When people gain weight, it is not uncommon for feelings of frustration to follow. Based on study findings that appear in the Association for Psychological Science journal "Psychological Science," impulsivity is a trait that individuals can develop after gaining weight.
The researchers behind the study already knew that changes in people's personality can affect their weight, but they wanted to know if the opposite was true. To find out more, they looked at data on 1,900 Baltimore residents' weight changes and personality traits to see if there was a connection.
Researchers found that individuals who experienced a 10 percent increase in their body weight also showed a greater tendency to give into their temptations. Greater impulsivity was not present in those whose weight remained stable.
"If mind and body are intertwined, then if one changes the other should change too," said Angelina Sutin, a psychological scientist who worked on the study. "That's what our findings suggest."
Based on this research, individuals who have experienced significant weight gain may want to take a personality test to see if they have become more impulsive.
If adults go through their days feeling overly anxious, they may want to take a personality test to gain more insight into their behavior. Sometimes, small behavioral signs can also help identify people who are likely to develop anxiety. This is the case with individuals between the ages of 7 and 18, according to new research from the Mayo Clinic.
After conducting a study of more than 800 individuals, researchers found that kids' avoidance of situations they find scary may predict whether or not they will have anxiety. Participants who were open about avoiding certain situations at the beginning of the study tended to be more anxious just one year later.
"Even after controlling for their baseline anxiety, those who avoided had more anxiety than kids who didn't avoid," said Stephen Whiteside, a pediatric psychologist with the Mayo Clinic Children's Center, as well as the study's lead author. "That was consistent with the model of how anxiety disorders develop. Kids who avoid fearful situations don't have the opportunity to face their fears and don't learn that their fears are manageable."
While anxiety disorders are the most common form of mental illness in the U.S., the good news is they are highly treatable, according to the Anxiety and Depression Association of America.
Although watching television is a simple activity, it can have a wide range of effects on viewers, according to the U.S. National Library of Medicine's National Institutes of Health. For children, television watching has been linked to problems paying attention and poor reading skills. Now, there is new evidence that reveals a connection between the types of programs kids watch and their behavior.
Based on research that appears in "Pediatrics," choosing which television programs preschoolers watch can help parents improve their children's behavior, USA Today reported. In a study that involved 565 families, researchers found that it was possible to decrease kids' aggression and increase the level of their helpfulness, empathy and other positive social behaviors.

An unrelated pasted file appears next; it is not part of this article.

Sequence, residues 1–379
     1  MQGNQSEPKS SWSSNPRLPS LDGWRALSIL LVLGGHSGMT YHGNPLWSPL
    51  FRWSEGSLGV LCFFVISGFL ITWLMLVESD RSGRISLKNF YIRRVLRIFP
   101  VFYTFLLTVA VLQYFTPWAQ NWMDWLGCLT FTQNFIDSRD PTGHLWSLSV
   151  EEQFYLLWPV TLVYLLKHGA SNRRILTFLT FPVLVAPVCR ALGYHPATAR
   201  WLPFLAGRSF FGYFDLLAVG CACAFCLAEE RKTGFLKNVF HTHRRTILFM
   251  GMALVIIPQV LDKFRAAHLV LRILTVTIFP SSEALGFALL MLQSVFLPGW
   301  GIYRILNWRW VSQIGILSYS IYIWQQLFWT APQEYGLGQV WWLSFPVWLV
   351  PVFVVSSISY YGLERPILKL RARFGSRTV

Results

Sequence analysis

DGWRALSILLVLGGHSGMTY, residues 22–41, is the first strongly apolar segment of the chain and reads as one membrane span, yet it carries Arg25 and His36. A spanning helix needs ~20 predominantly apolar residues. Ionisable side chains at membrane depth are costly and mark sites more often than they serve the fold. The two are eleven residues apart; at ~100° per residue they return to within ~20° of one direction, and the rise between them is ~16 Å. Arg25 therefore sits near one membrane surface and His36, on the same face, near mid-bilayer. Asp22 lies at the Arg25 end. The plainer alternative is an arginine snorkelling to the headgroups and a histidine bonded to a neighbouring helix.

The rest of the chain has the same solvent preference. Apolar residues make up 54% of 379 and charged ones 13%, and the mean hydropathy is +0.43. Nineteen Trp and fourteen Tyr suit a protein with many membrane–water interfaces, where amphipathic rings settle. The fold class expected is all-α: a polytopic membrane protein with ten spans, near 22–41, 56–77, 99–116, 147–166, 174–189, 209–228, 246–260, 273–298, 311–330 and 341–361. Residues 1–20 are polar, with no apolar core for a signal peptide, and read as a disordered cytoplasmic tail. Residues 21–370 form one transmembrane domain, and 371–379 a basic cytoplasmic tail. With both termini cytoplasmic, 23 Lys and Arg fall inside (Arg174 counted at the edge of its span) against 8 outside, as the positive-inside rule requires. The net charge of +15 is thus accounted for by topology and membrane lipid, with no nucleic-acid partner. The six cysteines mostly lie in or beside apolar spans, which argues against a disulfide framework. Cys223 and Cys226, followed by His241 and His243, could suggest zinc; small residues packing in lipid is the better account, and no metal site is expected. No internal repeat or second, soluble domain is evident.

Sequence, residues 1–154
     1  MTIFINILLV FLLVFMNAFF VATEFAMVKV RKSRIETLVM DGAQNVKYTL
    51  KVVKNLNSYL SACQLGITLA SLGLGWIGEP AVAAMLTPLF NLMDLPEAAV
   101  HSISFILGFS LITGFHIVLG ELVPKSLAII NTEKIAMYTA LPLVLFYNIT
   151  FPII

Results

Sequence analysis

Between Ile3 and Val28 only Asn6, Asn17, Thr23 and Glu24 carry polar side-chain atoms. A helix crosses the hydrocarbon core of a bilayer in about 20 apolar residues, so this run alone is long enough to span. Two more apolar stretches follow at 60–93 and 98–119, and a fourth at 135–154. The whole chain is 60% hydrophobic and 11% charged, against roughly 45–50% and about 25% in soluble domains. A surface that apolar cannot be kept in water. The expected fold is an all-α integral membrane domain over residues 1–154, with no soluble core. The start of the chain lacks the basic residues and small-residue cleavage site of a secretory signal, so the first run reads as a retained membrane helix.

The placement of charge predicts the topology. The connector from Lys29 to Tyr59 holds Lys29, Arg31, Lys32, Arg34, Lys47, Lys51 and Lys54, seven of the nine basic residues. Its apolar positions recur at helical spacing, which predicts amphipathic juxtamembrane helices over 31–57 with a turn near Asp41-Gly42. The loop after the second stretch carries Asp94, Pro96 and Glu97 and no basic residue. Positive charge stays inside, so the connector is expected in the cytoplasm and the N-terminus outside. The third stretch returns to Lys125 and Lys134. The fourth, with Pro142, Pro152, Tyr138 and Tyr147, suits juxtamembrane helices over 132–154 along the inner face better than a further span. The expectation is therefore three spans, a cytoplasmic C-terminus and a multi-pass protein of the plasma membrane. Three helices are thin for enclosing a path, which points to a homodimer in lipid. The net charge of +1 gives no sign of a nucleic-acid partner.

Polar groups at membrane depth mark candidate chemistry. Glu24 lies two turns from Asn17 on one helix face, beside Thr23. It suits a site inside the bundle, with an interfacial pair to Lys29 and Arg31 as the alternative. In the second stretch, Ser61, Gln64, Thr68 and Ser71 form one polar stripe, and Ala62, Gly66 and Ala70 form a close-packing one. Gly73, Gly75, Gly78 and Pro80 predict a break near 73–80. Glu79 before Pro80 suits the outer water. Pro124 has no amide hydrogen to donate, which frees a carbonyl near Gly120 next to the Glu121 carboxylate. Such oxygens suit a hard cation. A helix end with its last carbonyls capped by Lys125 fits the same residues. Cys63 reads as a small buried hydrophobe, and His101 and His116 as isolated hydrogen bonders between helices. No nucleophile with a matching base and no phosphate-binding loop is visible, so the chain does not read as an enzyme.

According to the news source, children who watched fewer violent shows and more educational programming ended up showing improved behavior, as opposed to kids whose television diet did not change at all. What made this study unique is that researchers did not reduce the amount of time children spend in front of the television - only the types of shows they watch. However, there are those who believe parents need to go beyond choosing the programs their children watch.
"Although this innovative study shows changing content without changing viewing time helps lower aggression, other health issues may need to be approached in different ways," Jennifer Manganello, an associate professor at the University of Albany School of Public Health who was not involved with the research, told the news source. "For instance, studies have shown that reducing screen time can be helpful when trying to reduce the risk for obesity."
With this knowledge, parents may want to have their children complete a personality test to see if they possess any traits that may be tied to the types of television programs they watch.
If someone took a personality test when he or she was a teenager, and then again later in life, the results from both assessments may not be exactly the same. While teenagers often think they know everything there is to know about themselves, new research reveals that many adults are no different, and do not realize how much they can change over time, according to the American Association for the Advancement of Science''s journal, "Science."
In a recent study, Daniel Gilbert, a psychologist at Harvard University, and fellow researchers set out to see what type of people individuals believe they will become in the future. Based on responses from more than 19,000 participants, on average, they do not see themselves changing that much in the future.
The researchers had individuals between the ages of 18 and 68 fill out questionnaires on their current personality traits, and then again, as if they were answering questions 10 years in the past and 10 years in the future. Overall, they believed that most personality changes occurred in the past, and would not be happening in the future.
"Even at 68, people think, ''Ugh, I''m not the person I was at 58, but I''m sure I''ll be this way at 78,''" said Gilbert, as quoted by Time magazine.
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